Because their stylistic innovation necessitates that the movies in my canon be so knowing about the films of their predecessors, they become self-reflexive interventions into the history of film itself. In this sense, they function just as I believe historians of film inevitably must, making judgments about aesthetics and politics, deciding which filmmakers, movements, and styles are worthy of their analyses. Artists, after all, just like historians and critics, are always intervening—knowingly or unknowingly—into the debates among artists in the past in order to reshape the world that has been bequeathed to them. Re-imagining the canon, too, is always an overt act of invention, of imagining an alternative reality, of manufacturing a counterfactual world. Making artistic evaluations is itself an act of artistic creation.
– Doug Dibbern
Cinema’s Doppelgängers is a counterfactual history of the cinema – or, perhaps, a work of speculative fiction in the guise of a scholarly history of film and movie guide. That is, it’s a history of the movies written from an alternative unfolding of historical time – a world in which neither the Bolsheviks nor the Nazis came to power, and thus a world in which Sergei Eisenstein never made movies and German filmmakers like Fritz Lang never fled to Hollywood, a world in which the talkies were invented in 1936 rather than 1927, in which the French New Wave critics didn’t become filmmakers, and in which Hitchcock never came to Hollywood.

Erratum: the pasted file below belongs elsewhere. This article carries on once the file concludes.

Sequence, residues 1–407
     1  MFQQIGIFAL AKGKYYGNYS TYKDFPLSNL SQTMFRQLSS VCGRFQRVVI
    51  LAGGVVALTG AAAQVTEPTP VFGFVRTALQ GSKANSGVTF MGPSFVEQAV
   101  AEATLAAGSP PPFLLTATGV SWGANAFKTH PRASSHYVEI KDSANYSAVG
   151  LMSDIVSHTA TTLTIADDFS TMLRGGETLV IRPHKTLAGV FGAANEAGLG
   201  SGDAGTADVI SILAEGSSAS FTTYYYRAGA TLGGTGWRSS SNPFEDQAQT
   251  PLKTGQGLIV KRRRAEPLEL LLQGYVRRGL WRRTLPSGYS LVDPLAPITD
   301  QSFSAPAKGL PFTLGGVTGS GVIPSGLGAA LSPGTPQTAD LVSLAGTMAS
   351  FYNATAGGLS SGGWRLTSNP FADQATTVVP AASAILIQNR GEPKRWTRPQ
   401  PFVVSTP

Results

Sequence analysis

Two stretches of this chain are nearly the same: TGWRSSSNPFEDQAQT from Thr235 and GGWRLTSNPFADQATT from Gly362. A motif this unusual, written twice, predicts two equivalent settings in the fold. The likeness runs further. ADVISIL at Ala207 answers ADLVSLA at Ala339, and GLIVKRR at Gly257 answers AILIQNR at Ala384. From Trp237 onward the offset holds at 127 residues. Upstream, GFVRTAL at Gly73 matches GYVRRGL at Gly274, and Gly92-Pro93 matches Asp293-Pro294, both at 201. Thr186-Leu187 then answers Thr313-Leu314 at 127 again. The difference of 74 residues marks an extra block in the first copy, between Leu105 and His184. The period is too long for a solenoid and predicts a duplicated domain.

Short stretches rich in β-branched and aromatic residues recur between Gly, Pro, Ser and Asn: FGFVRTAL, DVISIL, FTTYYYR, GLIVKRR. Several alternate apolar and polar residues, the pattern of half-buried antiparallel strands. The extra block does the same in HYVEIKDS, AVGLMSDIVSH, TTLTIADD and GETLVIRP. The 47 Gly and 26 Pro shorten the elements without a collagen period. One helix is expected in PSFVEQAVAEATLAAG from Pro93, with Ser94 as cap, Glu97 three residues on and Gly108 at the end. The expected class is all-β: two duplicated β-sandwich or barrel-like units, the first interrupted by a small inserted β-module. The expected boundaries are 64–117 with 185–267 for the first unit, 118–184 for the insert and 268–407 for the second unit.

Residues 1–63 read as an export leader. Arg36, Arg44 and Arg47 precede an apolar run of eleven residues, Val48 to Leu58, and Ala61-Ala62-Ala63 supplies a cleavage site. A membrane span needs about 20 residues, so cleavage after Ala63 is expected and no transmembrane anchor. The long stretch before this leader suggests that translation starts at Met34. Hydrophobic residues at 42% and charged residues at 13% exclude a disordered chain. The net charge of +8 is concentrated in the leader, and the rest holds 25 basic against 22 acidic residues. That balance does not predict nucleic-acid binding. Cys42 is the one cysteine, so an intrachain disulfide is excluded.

The book attempts, on the one hand, to explore and expand upon the intrinsically creative nature of all historical writing; like all works of fiction, its ultimate goal is to be a work of art in and of itself. But it also aims, on the other hand, to be a legitimate examination of the relationship between the economic and political organization of nations and film industries and the resulting aesthetics of film and thus of the dominant ideas and values of film scholarship and criticism.
Doug Dibbern’s first book, Hollywood Riots: Violent Crowds and Progressive Politics in American Film, won the 2016 Peter Rollins Prize. He has published scholarly essays on classical Hollywood filmmakers, film criticism for The Notebook at Mubi.com, and literary essays for journals like Chicago Quarterly Review and Hotel Amerika. He has a Ph.D. in Cinema Studies from New York University, where he teaches now in the Expository Writing Program.
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